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Homemade Ice Cream Freezer

Have you wondered why ice that is melting can freeze ice cream inside a cannister?

As the ice-salt mix causes freezing a paddle inside the ice cream freezer scrapes the very tiny frozen cream crystals from the inside of the canister as the cream mixture freezes, allowing more cream to touch the cansister sides and become frozen. Actually it's the water in the cream that is forming the crystals. The fat in the cream doesn't crystalize, but mixes with the ice crystals to make smooth creamy homemade ice cream.

Ice is at 32°F in it's solid state.

When heat is added to ice the ice turns to water, but stays at 32°F until it's no longer ice.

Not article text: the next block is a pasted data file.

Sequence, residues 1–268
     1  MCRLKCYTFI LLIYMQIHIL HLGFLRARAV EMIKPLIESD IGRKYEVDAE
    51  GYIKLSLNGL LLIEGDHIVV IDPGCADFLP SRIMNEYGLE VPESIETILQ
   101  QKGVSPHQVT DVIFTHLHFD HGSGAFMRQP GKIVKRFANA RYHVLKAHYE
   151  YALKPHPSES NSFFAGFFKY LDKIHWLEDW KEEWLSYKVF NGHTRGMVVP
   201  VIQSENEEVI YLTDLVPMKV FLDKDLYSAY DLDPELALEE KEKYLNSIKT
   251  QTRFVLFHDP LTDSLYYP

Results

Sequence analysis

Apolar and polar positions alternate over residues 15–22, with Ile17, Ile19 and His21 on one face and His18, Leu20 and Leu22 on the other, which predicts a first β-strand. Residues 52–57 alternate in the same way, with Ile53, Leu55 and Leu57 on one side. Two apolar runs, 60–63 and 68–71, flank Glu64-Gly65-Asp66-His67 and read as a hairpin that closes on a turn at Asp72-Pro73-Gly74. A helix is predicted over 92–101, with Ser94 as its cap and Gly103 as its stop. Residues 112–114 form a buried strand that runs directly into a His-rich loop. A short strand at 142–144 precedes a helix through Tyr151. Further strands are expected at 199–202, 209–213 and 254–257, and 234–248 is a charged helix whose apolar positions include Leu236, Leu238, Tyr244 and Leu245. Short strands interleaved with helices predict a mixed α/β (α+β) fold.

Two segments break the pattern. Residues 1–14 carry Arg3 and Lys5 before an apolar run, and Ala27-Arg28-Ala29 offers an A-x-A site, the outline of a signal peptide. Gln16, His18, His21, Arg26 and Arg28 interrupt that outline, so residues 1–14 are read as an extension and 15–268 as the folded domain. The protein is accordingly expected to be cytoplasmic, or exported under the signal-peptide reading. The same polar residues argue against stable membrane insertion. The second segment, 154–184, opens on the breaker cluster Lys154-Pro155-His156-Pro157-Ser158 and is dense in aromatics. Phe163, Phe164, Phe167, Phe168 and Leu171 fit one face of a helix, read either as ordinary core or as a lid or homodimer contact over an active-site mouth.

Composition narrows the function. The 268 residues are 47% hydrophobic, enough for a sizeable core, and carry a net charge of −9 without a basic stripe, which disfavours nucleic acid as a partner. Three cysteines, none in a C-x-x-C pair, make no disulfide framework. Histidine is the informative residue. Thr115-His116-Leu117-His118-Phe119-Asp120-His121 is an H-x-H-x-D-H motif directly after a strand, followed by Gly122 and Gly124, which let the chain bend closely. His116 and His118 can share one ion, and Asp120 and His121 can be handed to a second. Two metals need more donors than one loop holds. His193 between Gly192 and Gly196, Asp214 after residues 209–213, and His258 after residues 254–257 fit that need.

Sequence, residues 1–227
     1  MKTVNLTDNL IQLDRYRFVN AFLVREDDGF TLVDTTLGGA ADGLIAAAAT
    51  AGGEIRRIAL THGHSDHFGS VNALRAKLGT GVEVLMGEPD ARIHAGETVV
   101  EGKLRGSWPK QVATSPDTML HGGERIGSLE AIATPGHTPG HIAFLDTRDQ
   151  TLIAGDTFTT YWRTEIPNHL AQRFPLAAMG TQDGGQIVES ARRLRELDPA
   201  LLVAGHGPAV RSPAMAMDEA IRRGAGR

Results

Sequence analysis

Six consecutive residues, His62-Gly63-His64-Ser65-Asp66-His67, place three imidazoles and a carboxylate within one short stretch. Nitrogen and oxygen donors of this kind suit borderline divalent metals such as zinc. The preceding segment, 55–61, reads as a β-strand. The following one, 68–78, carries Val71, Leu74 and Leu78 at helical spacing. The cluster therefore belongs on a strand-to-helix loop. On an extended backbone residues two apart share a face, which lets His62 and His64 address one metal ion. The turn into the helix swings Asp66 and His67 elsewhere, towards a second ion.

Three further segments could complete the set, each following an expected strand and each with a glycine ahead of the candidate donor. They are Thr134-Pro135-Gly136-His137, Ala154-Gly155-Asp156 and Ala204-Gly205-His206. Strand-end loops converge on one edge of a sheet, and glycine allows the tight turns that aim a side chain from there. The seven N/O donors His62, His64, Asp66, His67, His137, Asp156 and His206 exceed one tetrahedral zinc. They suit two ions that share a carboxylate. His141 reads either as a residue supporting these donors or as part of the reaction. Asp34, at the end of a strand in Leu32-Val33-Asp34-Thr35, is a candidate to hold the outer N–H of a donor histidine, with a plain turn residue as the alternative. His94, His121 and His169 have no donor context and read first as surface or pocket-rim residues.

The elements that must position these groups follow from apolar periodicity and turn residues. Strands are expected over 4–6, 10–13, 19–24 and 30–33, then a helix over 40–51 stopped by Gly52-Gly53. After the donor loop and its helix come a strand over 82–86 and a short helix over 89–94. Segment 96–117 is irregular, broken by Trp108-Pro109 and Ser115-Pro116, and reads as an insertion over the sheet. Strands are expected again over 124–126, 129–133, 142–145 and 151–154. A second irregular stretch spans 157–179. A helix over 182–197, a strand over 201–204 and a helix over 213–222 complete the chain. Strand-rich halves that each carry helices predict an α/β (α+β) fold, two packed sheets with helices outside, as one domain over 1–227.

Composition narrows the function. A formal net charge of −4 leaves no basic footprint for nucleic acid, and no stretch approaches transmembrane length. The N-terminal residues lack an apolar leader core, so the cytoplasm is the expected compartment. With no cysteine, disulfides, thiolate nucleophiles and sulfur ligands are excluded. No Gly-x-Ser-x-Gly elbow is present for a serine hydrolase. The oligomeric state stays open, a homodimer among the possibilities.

When salt is added to ice it melts so rapidly that it uses some of it's own thermal energy to turn itself into water. When the ice gives up it's thermal energy it becomes colder and the ice and salt water mix can be as cold as 14° - 15° F.

The cream mixture inside the canister is warmer than the salt water ice mix, so it gives off it's heat to try to stabalize the temperatures between the two mixes, inside and outside of the canister, causing the ice to melt more and the yummy homemade ice cream to freeze more, until it's finally ready to cool someones tongue and tantalize the taste buds on the way to it's final resting spot where ice cream is intended to be.

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